A new Starbucks marketing campaign aims to highlight the company's military veteran and spouse workforce while increasing understanding between military and civilian communities, a Starbucks official said.
The campaign, launched today, features a 30 second and 60 second TV and digital spot as well as an online ad component on a variety of major sites, including Military.com. The TV spot will be featured for three weeks across major markets including during college football and NFL games.
"This is really a larger topic of veterans and military spouses still being misunderstood," said Matt Kress, who manages veteran and military affairs for the company. "Most of America doesn’t have the same connection to the military. That results in people either not asking questions or asking the bad questions. The commercial campaign starts with that topic -- how to get to know veterans and military topics through better questions and how that leads to better understanding."
Starbucks early this year announced a plan to hire 25,000 veterans and military spouses by 2025 after meeting their initial goal of 10,000 such hires 18 months before originally planned. The company also opened "military family stores" across the country which focus on veteran and spouse hiring and community connection. Veteran and milspouse employees at those stores, known as "partners" in Starbucks-speak, are identified through customized aprons that note whether or not they are a veteran or a military spouse and their military branch affiliation.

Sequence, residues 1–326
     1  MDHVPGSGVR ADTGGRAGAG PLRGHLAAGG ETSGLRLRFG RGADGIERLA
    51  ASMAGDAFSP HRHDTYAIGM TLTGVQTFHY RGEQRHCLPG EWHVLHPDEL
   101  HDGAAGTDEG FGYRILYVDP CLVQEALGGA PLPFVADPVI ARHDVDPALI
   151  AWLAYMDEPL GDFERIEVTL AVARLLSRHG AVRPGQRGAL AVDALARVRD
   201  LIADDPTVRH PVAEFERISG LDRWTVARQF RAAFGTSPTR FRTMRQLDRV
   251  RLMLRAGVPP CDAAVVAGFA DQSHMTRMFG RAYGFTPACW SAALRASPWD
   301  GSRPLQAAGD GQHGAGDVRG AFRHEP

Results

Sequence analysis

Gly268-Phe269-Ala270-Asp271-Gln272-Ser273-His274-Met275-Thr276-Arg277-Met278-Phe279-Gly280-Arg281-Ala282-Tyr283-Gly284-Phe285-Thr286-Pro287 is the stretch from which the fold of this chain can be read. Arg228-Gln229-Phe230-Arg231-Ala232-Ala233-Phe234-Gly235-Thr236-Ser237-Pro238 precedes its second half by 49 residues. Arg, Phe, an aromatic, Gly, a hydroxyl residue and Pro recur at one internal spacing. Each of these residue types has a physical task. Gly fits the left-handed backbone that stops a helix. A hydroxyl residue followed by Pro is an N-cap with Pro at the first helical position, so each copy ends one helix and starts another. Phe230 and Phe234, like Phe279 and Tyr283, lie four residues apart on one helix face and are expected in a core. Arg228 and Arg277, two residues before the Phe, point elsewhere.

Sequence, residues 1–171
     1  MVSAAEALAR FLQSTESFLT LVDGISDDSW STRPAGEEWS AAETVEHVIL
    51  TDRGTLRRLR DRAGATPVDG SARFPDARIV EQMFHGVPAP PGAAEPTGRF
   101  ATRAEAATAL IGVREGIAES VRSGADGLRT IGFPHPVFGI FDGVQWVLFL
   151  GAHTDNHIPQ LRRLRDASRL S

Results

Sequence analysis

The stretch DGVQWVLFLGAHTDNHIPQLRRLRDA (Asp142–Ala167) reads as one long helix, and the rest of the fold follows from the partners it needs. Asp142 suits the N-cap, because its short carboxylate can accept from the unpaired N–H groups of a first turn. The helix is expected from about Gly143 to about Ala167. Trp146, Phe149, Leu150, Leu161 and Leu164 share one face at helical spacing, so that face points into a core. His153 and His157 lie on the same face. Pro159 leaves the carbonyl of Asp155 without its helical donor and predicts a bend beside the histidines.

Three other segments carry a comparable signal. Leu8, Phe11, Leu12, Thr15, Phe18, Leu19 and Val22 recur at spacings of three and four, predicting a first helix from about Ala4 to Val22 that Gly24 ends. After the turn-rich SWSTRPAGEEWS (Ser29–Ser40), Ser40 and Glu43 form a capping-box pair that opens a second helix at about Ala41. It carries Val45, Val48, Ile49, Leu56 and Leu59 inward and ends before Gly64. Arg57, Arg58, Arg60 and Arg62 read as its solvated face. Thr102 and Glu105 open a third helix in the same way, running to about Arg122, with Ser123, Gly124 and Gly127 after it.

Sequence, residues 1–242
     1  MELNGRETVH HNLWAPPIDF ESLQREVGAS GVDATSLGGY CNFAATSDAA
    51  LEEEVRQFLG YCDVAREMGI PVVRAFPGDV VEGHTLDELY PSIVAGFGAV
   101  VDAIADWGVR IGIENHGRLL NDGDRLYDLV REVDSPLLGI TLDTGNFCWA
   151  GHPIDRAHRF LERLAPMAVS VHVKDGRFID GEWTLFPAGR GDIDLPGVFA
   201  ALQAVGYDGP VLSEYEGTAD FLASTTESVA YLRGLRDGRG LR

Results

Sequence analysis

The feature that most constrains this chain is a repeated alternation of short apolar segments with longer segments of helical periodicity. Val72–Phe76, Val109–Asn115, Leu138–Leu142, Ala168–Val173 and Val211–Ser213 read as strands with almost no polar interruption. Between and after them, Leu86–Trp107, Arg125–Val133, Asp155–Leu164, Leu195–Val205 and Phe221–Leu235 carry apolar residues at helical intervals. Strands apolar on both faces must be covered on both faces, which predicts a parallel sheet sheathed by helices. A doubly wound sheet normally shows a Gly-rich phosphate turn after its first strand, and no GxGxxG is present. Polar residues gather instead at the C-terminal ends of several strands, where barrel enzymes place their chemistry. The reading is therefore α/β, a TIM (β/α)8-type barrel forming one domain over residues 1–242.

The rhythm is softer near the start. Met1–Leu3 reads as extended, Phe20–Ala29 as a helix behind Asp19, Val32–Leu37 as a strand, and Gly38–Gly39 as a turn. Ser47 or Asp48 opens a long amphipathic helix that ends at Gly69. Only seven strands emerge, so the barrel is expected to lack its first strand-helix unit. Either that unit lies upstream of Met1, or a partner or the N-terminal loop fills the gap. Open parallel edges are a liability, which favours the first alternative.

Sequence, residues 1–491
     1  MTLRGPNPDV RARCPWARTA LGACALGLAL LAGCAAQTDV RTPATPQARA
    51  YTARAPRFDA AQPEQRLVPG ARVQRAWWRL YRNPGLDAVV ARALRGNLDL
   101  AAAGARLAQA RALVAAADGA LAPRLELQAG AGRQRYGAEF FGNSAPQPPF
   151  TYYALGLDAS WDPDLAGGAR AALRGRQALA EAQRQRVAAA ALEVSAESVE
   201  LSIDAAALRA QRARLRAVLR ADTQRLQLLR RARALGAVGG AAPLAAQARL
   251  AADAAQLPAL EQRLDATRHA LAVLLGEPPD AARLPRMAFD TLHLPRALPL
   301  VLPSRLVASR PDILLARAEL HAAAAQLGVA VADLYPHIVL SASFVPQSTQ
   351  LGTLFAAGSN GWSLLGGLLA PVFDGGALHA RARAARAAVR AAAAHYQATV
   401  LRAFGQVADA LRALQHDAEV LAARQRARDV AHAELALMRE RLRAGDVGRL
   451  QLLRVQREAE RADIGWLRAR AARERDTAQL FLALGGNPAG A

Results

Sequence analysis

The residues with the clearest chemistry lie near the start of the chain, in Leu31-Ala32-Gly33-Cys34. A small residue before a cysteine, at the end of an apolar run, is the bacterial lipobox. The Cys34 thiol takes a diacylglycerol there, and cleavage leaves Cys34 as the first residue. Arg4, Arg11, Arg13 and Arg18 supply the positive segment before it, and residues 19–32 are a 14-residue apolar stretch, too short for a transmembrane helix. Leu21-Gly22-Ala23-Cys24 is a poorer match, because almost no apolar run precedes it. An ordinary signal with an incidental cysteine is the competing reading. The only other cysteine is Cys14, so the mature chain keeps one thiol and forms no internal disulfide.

Kress said the corporation wants to continue the conversation of understanding who vets and spouses are and why they are worth hiring as what they see as a public service. But he says they believe doing so will continue to highlight Starbucks' commitment to military families.
"Tangentially Starbucks would be recognized for ongoing commitment and dedication to veterans and military families but that’s not a driver by any means," he said. "We're hoping that a lot of partners, influencers and other gets engaged. We don’t see this as a Starbucks branding moment."